Dermatophagia

Dermatophagia (from Ancient Greek δέρμα - skin - and φαγεία - eating) is a compulsion disorder of gnawing or biting one's own skin, most commonly at the fingers. This action can either be conscious or unconscious.[1] Those affected with dermatophagia typically bite the skin around the nails, leading to bleeding and discoloration over time. Some people also bite on their skin on their finger knuckles which can lead to pain and bleeding just by moving their fingers. In herpetology, dermatophagia is used to correctly describe the act in which amphibians and reptiles eat the skin they shed,[2] but this is not what occurs in humans. Those diagnosed with this disorder do not develop wounds on the bitten areas of their hands or lose any skin. Instead, they experience a thickening of the skin being repeatedly bitten.[3] Contemporary research suggests a link between impulse control disorders and obsessive–compulsive disorders,[4] and this was addressed in the DSM-5 when dermatophagia and other related disorders were classified as 'other specified obsessive-compulsive related disorders' and are given the specification of body focused repetitive behavior.[5] Further information on OCD, other anxiety disorders, dermatophagia and other related body focused repetitive behaviors can be found in the DSM-5[6]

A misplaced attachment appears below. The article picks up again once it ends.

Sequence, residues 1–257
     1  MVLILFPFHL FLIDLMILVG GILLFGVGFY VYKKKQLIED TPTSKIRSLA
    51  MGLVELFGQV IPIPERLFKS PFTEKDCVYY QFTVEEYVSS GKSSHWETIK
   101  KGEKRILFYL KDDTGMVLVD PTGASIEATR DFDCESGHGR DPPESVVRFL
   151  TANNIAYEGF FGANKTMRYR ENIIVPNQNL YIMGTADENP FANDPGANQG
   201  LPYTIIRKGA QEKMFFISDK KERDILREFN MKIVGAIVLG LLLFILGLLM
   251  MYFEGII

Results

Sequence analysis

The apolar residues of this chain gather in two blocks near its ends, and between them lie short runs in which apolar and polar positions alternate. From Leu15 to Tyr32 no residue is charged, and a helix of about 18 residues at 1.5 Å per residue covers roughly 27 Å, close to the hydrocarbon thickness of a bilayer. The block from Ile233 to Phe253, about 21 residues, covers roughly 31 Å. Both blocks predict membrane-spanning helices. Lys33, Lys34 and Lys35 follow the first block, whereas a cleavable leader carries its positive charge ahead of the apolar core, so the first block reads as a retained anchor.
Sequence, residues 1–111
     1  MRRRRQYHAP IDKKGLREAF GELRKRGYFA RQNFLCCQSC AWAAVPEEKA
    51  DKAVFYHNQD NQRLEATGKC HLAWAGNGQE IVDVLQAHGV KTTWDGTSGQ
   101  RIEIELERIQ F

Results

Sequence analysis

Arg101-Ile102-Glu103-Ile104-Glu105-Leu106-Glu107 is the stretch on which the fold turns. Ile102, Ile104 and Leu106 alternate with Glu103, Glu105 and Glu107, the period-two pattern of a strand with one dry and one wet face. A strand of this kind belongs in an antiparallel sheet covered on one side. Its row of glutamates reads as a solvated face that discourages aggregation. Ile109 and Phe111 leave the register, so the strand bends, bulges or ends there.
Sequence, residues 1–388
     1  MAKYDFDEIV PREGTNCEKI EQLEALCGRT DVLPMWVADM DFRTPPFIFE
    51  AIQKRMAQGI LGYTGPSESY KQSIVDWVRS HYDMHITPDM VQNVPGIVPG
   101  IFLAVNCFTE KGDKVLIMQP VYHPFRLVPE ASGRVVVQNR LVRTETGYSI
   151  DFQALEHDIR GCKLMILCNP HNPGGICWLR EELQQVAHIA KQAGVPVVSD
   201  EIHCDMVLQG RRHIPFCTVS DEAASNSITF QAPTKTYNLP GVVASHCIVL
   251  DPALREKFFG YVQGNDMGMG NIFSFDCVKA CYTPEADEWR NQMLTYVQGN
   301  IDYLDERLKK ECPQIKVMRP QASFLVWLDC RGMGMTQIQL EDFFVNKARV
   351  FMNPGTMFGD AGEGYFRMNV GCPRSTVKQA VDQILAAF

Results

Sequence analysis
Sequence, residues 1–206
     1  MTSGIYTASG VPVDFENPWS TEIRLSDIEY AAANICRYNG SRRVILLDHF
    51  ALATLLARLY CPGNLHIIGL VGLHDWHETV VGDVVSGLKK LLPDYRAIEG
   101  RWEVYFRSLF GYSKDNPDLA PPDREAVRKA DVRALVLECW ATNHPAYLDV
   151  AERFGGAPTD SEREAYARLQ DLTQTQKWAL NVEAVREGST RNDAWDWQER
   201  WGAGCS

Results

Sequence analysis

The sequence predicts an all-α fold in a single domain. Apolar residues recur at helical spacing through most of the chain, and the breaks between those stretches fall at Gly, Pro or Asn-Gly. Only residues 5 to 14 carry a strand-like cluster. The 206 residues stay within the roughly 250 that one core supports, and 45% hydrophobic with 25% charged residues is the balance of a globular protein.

Dermatophagia
Dermatophagia.jpg
Extreme nail biting / biting of skin to point of an obsessive compulsive disorder (OCD) or other condition leading to self mutilating behavior such as autistic spectrum disorders (as is the case in this example) or Lesch-Nyhan Syndrome[citation needed]
SpecialtyPsychiatry
TypesOCD

BehaviorEdit

 
A person with dermatophagia's extremely bitten finger
 
The fingers of a person with dermatophagia. After some time, the repeated biting leaves the skin discolored and bloody.

People with dermatophagia chew their skin out of compulsion, and can do so on a variety of places on their body.[7] Those with dermatophagia typically chew the skin surrounding their fingernails and joints. They also chew on the inside of their mouth, cheeks, and/or lips, causing blisters in and outside of the mouth. If the behavior is left unchecked for an extended period, calluses may start to develop where most of the biting is done.[citation needed]